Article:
[AB] The Time Traveler’s Wife – Audrey Niffenegger
January 29, 2010 § 21 Comments
I have a confession to make: this is my first audiobook.
A little more than 12 hours after I started listening, I think I’m glad I chose the audio version of this book.
Henry is a time traveler. But not in the jump-into-machine-and-press-buttons-and-away-we-go kind of time traveling. In fact, Henry doesn’t get any say at all on when he time travels, where to, when to, and for how long. What happens to him, is he simply disappears from the here and now, appears in some other time and place, stark naked, and then disappears from there again to reemerge from whence he came from, give or take minutes, hours or days.
If my explanation of the premise is not that easy to understand, it’s partly because I’m no good with explanations. And also because, I think, the way Henry actually time travels is not entirely revealed until a little later on. His whole life is like an adventure. He keeps appearing as a 35-year-old, a 43-year-old, a 31-year-old, in a time and place where he is supposed to be 6, or 13 or 25.
It is through Henry’s time travelling that Claire, a young girl of 6, gets to know her future husband, a Henry who has travelled from the future. An old man (in Claire’s eyes) tells her that he is now, in his own time, her husband. How does a young child comprehend that?
That is only the first of many a-rendezvous they will have; Claire grows older like how all of us do, but the Henry she meets isn’t always the same, always coming from a different time. And that’s just the beginning. Things start to get a little nerve-wrecking for Claire when she finally meets Henry in the here and now, because instead of Henry appearing at random intervals, he is now gone at random times, time traveling to the past.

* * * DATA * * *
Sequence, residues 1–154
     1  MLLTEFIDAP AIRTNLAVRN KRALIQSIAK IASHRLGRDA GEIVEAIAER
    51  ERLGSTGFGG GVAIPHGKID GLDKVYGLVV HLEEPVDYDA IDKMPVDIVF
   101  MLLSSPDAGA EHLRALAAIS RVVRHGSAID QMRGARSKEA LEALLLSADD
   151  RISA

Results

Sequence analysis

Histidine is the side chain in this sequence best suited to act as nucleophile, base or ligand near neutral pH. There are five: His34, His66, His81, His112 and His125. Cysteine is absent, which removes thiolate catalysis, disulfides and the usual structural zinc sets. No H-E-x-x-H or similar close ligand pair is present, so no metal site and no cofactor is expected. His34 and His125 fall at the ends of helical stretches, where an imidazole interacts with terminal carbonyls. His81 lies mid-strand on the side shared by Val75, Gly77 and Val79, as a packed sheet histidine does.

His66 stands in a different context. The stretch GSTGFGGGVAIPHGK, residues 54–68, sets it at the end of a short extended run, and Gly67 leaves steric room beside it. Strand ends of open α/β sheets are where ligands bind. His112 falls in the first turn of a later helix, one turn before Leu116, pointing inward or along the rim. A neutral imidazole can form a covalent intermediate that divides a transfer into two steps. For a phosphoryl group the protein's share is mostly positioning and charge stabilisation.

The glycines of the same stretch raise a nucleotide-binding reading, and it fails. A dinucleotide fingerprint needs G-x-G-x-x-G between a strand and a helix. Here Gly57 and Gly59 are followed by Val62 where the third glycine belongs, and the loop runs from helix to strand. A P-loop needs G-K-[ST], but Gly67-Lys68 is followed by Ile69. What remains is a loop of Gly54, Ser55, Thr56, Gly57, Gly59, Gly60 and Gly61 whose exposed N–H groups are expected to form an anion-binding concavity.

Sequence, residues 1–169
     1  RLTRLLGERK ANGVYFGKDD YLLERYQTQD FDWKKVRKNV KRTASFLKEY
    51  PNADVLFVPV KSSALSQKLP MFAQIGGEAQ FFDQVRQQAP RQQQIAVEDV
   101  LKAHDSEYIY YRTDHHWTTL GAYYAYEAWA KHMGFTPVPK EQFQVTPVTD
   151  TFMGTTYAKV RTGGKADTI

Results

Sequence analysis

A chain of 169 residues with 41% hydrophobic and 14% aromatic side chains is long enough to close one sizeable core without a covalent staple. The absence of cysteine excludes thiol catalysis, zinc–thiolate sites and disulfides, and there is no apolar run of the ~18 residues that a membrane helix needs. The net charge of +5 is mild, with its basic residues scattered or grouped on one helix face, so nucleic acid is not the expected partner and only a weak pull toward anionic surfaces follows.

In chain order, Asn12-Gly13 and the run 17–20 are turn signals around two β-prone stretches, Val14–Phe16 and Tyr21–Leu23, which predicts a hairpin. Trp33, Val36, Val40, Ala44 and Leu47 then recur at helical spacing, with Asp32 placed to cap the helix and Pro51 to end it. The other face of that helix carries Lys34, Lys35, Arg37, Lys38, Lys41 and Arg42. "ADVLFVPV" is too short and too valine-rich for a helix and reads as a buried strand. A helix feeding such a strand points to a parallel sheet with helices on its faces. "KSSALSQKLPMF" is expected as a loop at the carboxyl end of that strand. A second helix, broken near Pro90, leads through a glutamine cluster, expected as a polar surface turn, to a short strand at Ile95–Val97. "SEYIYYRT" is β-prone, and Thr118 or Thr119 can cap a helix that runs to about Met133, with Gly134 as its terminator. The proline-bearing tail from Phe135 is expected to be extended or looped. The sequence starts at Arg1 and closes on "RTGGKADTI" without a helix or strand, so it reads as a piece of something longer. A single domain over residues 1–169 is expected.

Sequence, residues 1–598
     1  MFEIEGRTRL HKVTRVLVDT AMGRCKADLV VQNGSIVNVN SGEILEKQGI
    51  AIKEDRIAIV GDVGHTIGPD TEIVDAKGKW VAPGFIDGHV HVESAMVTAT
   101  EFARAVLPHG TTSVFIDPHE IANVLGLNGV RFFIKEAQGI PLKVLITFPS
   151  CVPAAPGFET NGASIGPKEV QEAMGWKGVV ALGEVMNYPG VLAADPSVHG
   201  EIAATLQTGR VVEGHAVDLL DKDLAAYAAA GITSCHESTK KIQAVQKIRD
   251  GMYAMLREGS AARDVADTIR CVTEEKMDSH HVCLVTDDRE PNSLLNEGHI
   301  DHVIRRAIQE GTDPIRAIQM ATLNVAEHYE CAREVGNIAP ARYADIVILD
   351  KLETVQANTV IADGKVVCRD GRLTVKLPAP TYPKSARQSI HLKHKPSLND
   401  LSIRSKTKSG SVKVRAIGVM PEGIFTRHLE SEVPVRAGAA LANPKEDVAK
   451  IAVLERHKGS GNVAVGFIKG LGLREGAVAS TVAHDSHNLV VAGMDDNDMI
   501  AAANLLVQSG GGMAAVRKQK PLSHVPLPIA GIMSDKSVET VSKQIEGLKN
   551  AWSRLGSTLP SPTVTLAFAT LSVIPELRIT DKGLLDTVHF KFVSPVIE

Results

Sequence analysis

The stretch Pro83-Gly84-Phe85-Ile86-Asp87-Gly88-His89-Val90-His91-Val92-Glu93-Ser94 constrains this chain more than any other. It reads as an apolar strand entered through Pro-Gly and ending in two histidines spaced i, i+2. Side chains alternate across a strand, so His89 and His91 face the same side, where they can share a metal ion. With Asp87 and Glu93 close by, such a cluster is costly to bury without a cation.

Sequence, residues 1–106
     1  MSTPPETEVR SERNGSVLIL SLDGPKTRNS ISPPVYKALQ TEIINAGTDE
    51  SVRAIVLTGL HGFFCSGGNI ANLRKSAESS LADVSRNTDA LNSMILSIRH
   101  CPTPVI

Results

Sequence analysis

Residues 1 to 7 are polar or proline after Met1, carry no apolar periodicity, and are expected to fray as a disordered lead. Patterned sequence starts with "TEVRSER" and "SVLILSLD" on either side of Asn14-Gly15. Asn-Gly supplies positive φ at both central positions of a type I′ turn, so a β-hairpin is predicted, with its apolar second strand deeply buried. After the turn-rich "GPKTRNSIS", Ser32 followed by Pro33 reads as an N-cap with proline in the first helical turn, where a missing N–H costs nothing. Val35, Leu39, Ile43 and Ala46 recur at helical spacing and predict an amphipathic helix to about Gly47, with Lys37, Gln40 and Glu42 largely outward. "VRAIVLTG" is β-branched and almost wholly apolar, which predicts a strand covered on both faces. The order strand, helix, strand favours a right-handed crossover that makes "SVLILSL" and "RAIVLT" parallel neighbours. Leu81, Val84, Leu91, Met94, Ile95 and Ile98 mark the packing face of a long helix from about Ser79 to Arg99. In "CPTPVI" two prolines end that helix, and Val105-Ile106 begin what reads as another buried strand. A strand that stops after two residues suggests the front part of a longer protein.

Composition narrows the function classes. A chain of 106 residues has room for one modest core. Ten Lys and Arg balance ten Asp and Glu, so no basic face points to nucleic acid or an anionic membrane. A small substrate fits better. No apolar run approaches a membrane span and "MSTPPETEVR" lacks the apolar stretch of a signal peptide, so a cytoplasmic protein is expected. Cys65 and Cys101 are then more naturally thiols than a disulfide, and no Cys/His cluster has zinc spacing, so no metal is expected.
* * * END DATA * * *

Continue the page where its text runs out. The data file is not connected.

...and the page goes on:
After finishing the book, I was left thinking that the title could not have been better named. Because although half the story is told from Henry’s perspective, I felt that the real heart of the story perhaps belonged to Claire. Since the first time she met Henry, she has been made to wait. She waits for his next appearance, but not knowing how old he is going to be when that happens. She waits to meet him in the present. Then she waits as Henry disappears, sometimes for long spells, waiting for him to reappear in the present, worried that he might have gotten into some kind of trouble while in that other time and place.
It’s the kind of waiting that would drive a person mad. Mad with worry and frustration.
I have another confession: I chose to listen to the audiobook, because the wait at the library for the physical book was simply way too long for me. But in the end, I think it turned out for the better.
You see, as I was listening to the book, I couldn’t help but feel that my experience was made just that much better because the readers were really good. I felt the story did drone on for a tad too long, and I don’t think I would have appreciated the writing style much. But the reading was done very well. The audiobook bumped my rating up by a point, at least.
For: Orange Prize Project
Note: I listened to the audiobook produced by HighBridge Company, the unabridged version, read by Christopher Burns and Maggi-Meg Reed.
Postscript: I have just realised that Claire is not Claire, but Clare. Hah.